In a randomized clinical trial, the effectiveness of different strategies for boosting physical activity varied according to participants’ demographic, psychological, and behavioral characteristics. Xisui Shirley Chen formerly of the University of Pennyslvania Perelman School of Medicine (currently at the Mount Sinai Health System in New York City) and colleagues present these findings in the open-access journal PLOS ONE on October 14.
Strategies to alter people’s health behaviors — such as increasing their physical activity — vary in effectiveness, likely due in part to personality and psychological traits. However, it is unclear how best to determine which subgroups benefit most from which strategies.
Chen and colleagues addressed this issue by revisiting data from a randomized clinical trial that showed that a competition-based strategy to boost activity among 602 American adults with overweight or obesity worked better than strategies based on collaboration or social support. The researchers wondered whether these findings would hold true for subgroups of the participants.
Using a statistical approach called latent class analysis, the scientists identified three major subgroups based on the trial participants’ demographic, psychological, and behavioral characteristics: extroverted and motivated, less active and less social, or less motivated and at-risk. Each participant was assigned to one of the three categories.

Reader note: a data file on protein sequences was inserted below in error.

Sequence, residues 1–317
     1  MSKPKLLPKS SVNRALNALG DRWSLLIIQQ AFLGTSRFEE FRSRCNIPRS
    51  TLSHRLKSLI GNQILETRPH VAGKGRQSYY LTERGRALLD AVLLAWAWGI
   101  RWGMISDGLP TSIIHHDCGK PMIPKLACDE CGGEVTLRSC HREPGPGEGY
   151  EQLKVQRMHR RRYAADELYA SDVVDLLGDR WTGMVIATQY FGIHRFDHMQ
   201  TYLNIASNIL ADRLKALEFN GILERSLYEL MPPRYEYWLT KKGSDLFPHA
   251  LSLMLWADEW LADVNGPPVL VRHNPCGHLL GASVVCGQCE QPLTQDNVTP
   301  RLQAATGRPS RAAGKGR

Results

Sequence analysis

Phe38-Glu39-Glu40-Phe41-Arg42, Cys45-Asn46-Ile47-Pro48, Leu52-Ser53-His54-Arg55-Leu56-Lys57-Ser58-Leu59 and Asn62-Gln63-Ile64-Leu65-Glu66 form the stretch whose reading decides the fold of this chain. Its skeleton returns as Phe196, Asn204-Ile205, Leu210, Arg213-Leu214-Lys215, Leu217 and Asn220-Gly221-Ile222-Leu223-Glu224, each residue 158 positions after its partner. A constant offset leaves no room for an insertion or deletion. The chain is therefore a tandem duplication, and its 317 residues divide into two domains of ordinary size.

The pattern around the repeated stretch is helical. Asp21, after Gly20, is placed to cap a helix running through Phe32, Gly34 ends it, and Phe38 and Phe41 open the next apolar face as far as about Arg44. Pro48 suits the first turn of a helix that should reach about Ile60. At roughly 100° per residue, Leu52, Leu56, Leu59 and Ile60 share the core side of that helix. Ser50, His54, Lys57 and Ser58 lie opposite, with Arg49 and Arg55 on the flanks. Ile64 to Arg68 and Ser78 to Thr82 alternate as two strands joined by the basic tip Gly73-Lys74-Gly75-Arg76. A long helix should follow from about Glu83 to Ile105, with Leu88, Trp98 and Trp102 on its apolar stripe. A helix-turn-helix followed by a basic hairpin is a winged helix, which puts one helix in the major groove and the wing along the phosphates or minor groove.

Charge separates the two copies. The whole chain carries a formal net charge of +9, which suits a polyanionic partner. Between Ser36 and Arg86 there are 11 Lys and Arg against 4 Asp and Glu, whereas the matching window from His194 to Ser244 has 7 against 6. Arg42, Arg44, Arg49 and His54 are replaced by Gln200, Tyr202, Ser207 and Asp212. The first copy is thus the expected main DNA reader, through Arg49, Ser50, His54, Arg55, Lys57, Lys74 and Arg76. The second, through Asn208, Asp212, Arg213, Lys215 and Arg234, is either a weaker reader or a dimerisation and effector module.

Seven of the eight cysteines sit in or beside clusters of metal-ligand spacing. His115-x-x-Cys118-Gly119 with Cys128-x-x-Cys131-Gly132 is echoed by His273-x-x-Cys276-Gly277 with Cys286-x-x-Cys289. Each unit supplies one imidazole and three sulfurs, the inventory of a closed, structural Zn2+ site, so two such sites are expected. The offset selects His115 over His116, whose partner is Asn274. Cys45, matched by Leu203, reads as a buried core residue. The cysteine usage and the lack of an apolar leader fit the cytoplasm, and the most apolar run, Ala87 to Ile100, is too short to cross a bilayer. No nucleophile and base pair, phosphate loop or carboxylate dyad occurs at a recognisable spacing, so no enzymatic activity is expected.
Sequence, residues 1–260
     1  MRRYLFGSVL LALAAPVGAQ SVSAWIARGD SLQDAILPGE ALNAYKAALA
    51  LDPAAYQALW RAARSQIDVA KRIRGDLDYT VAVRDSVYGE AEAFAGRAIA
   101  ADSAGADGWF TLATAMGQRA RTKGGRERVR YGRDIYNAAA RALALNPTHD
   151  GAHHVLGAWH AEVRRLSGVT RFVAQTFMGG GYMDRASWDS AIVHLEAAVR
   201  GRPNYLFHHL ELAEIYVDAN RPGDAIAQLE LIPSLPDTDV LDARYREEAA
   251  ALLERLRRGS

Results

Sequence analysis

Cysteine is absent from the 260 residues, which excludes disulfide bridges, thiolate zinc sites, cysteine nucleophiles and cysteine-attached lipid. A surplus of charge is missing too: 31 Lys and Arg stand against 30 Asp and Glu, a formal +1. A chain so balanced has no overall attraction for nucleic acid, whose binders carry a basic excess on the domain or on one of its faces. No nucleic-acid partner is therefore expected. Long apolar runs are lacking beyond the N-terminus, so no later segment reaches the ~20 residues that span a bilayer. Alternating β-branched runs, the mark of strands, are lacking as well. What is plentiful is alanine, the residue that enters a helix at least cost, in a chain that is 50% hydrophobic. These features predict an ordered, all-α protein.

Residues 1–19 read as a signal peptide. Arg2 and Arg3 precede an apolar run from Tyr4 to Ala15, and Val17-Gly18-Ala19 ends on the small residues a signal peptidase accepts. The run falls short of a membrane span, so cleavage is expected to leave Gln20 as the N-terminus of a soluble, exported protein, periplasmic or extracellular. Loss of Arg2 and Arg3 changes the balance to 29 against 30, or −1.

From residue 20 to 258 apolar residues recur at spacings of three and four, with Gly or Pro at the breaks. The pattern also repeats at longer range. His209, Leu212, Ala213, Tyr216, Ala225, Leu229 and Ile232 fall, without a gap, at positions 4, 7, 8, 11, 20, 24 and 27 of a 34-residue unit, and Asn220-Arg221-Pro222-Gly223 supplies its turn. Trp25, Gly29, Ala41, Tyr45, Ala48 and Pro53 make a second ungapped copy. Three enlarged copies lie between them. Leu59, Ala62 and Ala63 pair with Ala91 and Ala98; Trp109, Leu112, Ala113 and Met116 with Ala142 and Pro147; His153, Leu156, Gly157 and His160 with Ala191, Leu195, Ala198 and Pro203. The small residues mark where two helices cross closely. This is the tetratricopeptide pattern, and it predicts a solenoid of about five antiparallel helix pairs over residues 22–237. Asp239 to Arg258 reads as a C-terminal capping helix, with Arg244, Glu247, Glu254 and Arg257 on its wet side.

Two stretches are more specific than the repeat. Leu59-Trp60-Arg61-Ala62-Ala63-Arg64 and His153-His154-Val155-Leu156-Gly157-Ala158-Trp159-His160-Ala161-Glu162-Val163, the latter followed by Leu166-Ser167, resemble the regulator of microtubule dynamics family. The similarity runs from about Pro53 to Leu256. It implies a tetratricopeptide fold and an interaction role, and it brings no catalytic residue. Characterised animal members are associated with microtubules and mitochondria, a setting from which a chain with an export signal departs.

By reanalyzing the trial data, the researchers found that the competition-based strategy was effective in boosting physical activity for extroverted and motivated participants, but these participants were less likely to stay active after the program ended. Competition-, collaboration-, and social support-based strategies were all effective for less active and less social participants, who all stayed active afterwards. None of the strategies were effective for less motivated and at-risk participants.
These findings suggest that latent class analysis could aid efforts to target behavior-changing strategies to the people most likely to benefit from them. Future research could help validate latent class analysis and other statistical approaches to identify key sub-groups, as well as formally test different strategies within identified sub-groups.
The authors add: “We demonstrated that we can identify groups of people who have different behavioral phenotypes and that they responded differently to a physical activity program using social incentives. Clearly, one size does not fit all so constructing behavioral phenotypes is a promising approach to designing and targeting behavioral interventions based on meaningful individual differences.”
Materials provided by PLOS. Note: Content may be edited for style and length.
View original article here Source